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Tuesday, 25 February 2020

And the winner of a $5 ebook voucher is...

Did you miss my announcement earlier this month on social media, about the winner of my monthly $5 ebook voucher giveaway?

If you did (or perhaps you just need a reminder), then allow me to announce that the winner for January was non other than Joni Mielke.

Joni is an absolute star. She's very active in the South African reading community, and is passionate about books and authors... especially South African authors, and especially indie authors. We really need more people like her!

She won with this amazing review of Memoirs of a Guardian Angel on Goodreads. Please help her get more exposure for her reviews, by "Liking" it on Goodreads and sharing it with all your friends.

How Do I Enter?


If you didn't know, every month I give away either a $5 ebook voucher to the store of your choice, or $5 in PayPal credit. Basically, all you have to do is write a review of one of my books.

Okay, so there's a little more to it than that.

First, you need to be a member of my email subscribers list, so if you're not already, click here, pick your free book (did I mention you get a free book?), and enter your email address.

Once I've confirmed your subscription, join our secret Facebook group, here. You'll need to enter the email address you used to subscribe to my emails.

If you've entered the right email address, and I can match you to my subscribers live, I'll approve your request. Then, visit the group again and read the "Announcement" at the top.

Sound like fun? If you love reading, and you love talking about books, it should be. :-)

Good luck!

Tuesday, 11 February 2020

Wholistic with a "W"?

I got an email from one of my colleagues in the UK the other day. In it, she used the word "Wholistic", spelt with a "W".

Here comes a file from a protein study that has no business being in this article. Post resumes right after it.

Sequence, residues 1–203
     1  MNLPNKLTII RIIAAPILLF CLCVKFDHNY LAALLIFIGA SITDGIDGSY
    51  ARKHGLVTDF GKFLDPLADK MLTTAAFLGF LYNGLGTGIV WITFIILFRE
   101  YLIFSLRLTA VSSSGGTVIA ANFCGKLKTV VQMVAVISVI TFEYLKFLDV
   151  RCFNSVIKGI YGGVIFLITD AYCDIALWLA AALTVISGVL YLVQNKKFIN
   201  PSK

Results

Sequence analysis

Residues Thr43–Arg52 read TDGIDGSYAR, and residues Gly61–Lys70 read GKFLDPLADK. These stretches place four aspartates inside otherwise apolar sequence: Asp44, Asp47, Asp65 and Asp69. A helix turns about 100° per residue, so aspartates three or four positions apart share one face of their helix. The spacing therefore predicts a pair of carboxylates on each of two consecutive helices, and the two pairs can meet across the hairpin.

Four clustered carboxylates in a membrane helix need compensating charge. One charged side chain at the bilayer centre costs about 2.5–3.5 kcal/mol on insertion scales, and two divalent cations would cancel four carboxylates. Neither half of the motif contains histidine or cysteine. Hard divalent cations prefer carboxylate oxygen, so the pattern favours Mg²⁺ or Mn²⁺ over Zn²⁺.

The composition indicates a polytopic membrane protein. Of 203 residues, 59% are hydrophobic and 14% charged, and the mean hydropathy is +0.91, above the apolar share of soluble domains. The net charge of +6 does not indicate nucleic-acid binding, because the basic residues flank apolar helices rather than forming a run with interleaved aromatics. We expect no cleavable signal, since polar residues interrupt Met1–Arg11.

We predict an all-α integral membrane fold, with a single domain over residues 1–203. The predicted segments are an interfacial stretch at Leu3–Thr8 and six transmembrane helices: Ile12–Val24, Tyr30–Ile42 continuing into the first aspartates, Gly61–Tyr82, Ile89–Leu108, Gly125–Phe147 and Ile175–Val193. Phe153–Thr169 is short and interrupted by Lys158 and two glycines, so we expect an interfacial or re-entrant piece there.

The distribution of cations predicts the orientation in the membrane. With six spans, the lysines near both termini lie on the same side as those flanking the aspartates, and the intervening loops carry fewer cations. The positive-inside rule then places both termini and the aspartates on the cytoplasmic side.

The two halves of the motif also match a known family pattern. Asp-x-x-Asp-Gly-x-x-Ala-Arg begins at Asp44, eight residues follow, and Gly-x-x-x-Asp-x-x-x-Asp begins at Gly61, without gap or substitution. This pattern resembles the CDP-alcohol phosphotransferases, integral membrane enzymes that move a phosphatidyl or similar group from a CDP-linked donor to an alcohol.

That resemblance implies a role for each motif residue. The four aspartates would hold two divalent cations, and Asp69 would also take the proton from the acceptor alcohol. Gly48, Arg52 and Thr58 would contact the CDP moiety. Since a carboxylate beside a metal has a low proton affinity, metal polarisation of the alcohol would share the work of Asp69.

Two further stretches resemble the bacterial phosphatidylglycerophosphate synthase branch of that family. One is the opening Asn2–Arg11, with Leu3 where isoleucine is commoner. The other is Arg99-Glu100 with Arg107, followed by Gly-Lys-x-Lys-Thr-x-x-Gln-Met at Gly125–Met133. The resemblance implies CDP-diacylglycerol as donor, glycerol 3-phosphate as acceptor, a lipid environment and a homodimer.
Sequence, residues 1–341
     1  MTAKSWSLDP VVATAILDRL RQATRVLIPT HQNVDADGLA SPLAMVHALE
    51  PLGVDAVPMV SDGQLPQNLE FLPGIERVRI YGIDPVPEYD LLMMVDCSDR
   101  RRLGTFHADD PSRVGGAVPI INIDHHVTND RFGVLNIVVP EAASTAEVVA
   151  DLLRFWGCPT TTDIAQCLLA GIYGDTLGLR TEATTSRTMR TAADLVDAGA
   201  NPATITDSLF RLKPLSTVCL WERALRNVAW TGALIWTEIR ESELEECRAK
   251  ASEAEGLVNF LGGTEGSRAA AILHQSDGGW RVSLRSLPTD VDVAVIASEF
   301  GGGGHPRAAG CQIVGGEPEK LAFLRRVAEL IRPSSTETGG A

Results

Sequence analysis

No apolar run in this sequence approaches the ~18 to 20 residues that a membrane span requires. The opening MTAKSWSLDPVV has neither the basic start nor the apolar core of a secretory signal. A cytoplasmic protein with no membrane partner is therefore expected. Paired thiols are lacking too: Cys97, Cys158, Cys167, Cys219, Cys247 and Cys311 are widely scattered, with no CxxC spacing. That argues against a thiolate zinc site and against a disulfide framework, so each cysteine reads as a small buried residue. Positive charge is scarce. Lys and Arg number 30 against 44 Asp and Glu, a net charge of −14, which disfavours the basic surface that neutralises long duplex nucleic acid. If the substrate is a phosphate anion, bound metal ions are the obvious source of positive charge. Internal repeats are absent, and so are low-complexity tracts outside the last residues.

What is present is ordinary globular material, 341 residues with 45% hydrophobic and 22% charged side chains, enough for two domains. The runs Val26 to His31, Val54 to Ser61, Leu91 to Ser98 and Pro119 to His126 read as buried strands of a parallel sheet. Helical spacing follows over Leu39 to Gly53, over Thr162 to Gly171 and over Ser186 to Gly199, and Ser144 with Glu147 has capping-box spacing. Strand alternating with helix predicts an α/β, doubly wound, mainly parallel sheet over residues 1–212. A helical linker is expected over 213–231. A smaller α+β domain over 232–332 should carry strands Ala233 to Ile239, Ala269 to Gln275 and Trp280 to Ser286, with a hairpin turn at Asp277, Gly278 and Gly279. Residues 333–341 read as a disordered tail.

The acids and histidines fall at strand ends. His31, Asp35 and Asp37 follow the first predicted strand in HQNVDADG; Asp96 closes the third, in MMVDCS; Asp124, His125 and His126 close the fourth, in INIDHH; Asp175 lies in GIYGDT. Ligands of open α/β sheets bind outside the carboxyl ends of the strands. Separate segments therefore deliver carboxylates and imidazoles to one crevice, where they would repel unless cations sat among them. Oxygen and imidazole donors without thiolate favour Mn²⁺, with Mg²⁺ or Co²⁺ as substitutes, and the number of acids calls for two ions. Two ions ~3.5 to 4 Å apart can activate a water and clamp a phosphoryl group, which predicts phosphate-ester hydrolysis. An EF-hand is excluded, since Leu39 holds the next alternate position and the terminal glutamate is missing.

I don't think the word was wrong, per se, but I'd never seen it spelt that way, so I asked Google to define it. Apparently, it's a variant spelling of the word "holistic":



Which didn't surprise me; I thought it was a UK thing.

But I did some further research, and I ran across this article from Merriam-Webster. It turns out that the first usage of the word was without the "W" (which isn't the surprising bit), and that it was first used by a South African!

The article states:
Holistic was coined by South African soldier and statesman Jan Christian Smuts in the 1920s as a philosophical term. Smuts, who—aside from war and politics—was a student of natural science, used the term to describe his complex philosophy regarding the organization of nature. Viewing the universe in terms of "wholes"—that is, organisms and systems instead of molecules and atoms—he derived holism from the Greek word holos, meaning "whole." In his 1926 book Holism and Evolution, he defines holism as "[the] tendency in nature to form wholes that are greater than the sum of the parts through creative evolution."
The "W" was tacked on shortly afterwards, but the original spelling continues to be the most common.

I love stories like this. Finding a "South Africanism" that's become commonplace all over the world fills me with patrotic pride.

Did you know this about the word "Holistic"? And can you think of any other South African words which non-South Africans from elsewhere in the world use all the time?


Tuesday, 4 February 2020

Your Favourite Book of All Time (for 2020) is...

Ladies and gentlemen, we have a winner!

By overwhelming majority, the book that you have selected as your favourite book of all time is...


The Hobbit, or There and Back Again

by J. R. R. Tolkien

In a hole in the ground there lived a hobbit. Not a nasty, dirty, wet hole, filled with the ends of worms and an oozy smell, nor yet a dry, bare, sandy hole with nothing in it to sit down on or to eat: it was a hobbit-hole, and that means comfort.

Written for J.R.R. Tolkien’s own children, The Hobbit met with instant critical acclaim when it was first published in 1937. Now recognized as a timeless classic, this introduction to the hobbit Bilbo Baggins, the wizard Gandalf, Gollum, and the spectacular world of Middle-earth recounts of the adventures of a reluctant hero, a powerful and dangerous ring, and the cruel dragon Smaug the Magnificent. The text in this 372-page paperback edition is based on that first published in Great Britain by Collins Modern Classics (1998), and includes a note on the text by Douglas A. Anderson (2001). Unforgettable!


I first read The Hobbit in Junior High School (somewhere around Standard 7 / Grade 9), and I remember it affecting me profoundly. I've tried to read The Lord of the Rings many times since then, and only ever got past the first instalment; it just never really grabbed me. But The Hobbit, wow, now that was a story!

Have you ever actually read it? If so, is it your favourite book of all time?

If it isn't, did you vote for your favourite?